July might be National Ice Cream Month, but we are celebrating its Italian cousin, gelato (whose designated month is May), because it is so delizioso it should be celebrated year round. Love frozen treats? Then be sure to make the rounds to each of these fine gelato shops for a small taste of Italy without ever leaving home.

Procopio Gelato (Credit, Jenise Silva)

Procopio Gelato
1501 Western Ave., Suite 300
Seattle, WA 98101
(206) 622-4280

This Seattle classic has been going strong since 1980 and while 34 years might seem impressive for a small business to last in any city, it’s really an achievement in a city that sees more change in a week than some cities experience in a year. Procopio’s longevity speaks to its no-nonsense approach to giving the customer what they want, which in this case is artisan gelato just up the hill from the amusements of the waterfront. Don’t miss the mango, strawberry, amarena (Italian cherries and cream) or the mirtillo rosso (cranberry). Grab your cup or cone to go or enjoy your delightful frozen treat in the cozy room or on the tranquil outdoor patio.

D’Ambrosio Gelato Seattle
5339 Ballard Ave. N.W.
Seattle, WA 98107
(206) 327-9175
www.dambrosiogelato.comNative Italian Enzo D’Ambrosio and his son Marco opened their sleek gelateria first in the center of historic Ballard and later in the heart of Capitol Hill. Each and every ingredient that goes into their gelato is carefully sourced and frequently certified organic—they even use biodegradable spoons. The house-made pistachio di Bronte is made from “the green gold of Sicily,” and the caramello with figs and mascarpone is to die for. You can frequently find Marco at the counter in this roomy storefront that has counter and table seating.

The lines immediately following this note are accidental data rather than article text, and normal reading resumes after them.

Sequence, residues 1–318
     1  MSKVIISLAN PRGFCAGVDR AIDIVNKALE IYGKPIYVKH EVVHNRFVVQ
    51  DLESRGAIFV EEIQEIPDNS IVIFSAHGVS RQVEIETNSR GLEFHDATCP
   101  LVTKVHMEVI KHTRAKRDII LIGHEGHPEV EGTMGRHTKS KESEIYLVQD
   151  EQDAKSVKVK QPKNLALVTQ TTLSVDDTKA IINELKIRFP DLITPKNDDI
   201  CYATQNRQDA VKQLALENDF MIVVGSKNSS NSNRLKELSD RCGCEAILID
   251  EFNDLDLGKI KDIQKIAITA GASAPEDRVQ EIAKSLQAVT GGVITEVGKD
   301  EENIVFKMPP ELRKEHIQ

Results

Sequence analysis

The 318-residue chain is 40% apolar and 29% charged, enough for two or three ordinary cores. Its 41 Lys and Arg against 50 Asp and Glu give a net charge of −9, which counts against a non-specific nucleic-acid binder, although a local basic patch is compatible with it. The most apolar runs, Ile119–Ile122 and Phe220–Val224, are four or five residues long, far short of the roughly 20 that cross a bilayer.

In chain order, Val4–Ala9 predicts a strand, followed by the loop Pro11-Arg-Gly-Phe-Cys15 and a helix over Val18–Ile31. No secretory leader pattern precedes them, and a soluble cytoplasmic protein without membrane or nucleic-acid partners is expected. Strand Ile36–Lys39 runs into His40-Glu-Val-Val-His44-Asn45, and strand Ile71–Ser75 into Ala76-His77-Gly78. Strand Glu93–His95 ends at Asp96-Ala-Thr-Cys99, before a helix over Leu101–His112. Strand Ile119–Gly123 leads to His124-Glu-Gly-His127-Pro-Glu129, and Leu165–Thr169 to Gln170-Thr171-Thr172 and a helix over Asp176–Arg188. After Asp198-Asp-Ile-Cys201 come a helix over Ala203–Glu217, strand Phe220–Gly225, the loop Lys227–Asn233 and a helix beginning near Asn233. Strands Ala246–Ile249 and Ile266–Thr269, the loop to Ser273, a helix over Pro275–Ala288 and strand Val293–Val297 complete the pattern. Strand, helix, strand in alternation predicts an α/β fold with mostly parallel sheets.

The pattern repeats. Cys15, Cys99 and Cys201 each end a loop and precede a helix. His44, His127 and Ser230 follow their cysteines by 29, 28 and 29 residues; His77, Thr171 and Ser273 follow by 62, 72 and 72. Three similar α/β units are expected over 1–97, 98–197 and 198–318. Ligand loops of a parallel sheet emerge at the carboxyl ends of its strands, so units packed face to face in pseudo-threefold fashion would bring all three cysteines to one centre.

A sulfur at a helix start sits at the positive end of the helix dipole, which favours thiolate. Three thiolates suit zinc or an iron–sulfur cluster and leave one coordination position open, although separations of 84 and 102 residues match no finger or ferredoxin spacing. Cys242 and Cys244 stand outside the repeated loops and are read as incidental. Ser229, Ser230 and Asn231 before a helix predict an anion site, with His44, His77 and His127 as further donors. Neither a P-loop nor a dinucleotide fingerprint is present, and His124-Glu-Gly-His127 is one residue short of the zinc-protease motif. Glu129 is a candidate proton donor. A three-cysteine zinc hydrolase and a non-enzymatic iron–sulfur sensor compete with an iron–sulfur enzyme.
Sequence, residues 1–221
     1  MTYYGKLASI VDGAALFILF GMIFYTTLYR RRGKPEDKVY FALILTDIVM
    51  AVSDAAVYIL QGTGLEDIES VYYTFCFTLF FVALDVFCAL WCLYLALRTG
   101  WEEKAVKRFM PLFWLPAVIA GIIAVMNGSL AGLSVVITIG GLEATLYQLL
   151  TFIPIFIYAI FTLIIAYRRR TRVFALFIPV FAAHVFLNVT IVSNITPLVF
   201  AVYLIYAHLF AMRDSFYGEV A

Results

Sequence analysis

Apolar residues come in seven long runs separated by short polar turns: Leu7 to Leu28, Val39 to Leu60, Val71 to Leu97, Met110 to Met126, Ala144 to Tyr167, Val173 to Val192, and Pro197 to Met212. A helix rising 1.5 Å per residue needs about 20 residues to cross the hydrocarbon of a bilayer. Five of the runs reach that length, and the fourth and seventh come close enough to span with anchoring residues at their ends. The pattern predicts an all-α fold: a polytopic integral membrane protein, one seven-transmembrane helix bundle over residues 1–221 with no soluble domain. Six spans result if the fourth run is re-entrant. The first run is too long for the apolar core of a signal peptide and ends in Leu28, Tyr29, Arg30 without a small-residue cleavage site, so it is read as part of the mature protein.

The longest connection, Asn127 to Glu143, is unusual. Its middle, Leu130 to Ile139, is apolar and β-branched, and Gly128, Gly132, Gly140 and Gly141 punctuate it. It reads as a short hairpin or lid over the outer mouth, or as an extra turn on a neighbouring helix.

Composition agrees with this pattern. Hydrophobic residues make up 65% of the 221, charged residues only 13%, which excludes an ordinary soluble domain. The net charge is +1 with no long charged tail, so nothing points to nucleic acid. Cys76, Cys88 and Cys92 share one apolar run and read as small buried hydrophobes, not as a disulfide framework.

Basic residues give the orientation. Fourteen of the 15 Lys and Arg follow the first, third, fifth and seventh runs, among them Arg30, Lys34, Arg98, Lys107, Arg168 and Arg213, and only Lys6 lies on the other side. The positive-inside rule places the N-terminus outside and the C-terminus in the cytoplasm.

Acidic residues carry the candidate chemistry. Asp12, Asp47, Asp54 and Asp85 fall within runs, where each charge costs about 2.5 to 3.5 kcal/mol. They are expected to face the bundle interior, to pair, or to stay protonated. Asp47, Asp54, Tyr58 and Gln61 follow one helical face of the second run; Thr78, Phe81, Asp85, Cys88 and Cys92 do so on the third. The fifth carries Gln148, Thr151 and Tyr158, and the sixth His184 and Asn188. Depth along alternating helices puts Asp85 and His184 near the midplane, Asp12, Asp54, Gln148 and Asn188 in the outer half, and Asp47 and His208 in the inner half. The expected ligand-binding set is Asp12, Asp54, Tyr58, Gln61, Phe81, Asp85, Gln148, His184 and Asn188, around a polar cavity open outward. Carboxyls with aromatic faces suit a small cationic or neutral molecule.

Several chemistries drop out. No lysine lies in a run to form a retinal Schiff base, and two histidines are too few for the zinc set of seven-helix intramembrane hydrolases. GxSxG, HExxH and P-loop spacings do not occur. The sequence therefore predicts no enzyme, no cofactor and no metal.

Fainting Goat Gelato (Credit, Jenise Silva)

Fainting Goat Gelato
1903 N. 45th St.
SeattleWA 98103
(206) 327-9459

This Wallingford neighborhood cafe has plenty of fans outside of its hood, and for good reason. Yalcin and Sevim Ataman and their family bring Turkish hospitality to the trade of serving up traditional Italian gelatos and sorbettos as well as Turkish coffee. It’s tough to choose a “favorite” flavor among the extensive selection but you can’t go wrong with the sour cherry, the stracciatella, the honey rose and the salted caramel. Looking for something a little lighter? Give the pink grapefruit sorbetto or the nonfat-yogurt gelato a try.

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Bottega Italiana
1425 1st Ave.
Seattle, WA 98101
(206) 343-0200
www.bottegaitaliana.comItalians Luca Guerrieri, Antonella Ragazzi and David Arato opened their first gelateria in 2003. Fortunately, they chose a tiny shop conveniently located just south of the entrance to Pike Place Market in the heart of downtown Seattle. While the shop may be small, the selection is not. You can count on 20 flavors of gelato on offer at any time along with a selection of coffee and espresso drinks. Grab a cup of the chocolate, earl grey or kiwi for a little sustenance for your stroll through the market and you won’t be disappointed.

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1400 3rd Ave.
Seattle, WA 98101
(206) 467-9563
You may be in the heart of downtown when you step up to the counter at Gelatiamo, but once you scoop into one of its house-made gelatos, you would almost swear you’ve been transported to a quaint Italian village. Perhaps it’s because the owner comes from a long line of bakers in a small town in Northern Italy. Or maybe it’s the fresh local ingredients that serve as the base for the 16 rotating flavors of gelato and sorbet. In fact, if you’re looking for a fresh taste of fruit in your gelato or sorbet, you’re taste buds are guaranteed to benefit from some of the best seasonal berries this region has to offer from the nearby Skagit Valley. They may rotate more than a dozen flavors in this cozy shop, but the gelato gamut of flavors runs well into 80 different varieties. You can always get the ever dependable, and quite tasty, salted caramel gelato. But if you want to feel transported, you might want to opt for the Profumi di Sicilia, a ricotta gelato with pistachio, marbled with candied lemon peel and chocolate. 

Jenise Silva is a freelance writer in Seattle who has studied culinary, visual and performing arts. She penned the financial planning guide Women & Money, and has been writing about food and the arts for a number of years. Her work can be found at Examiner.com.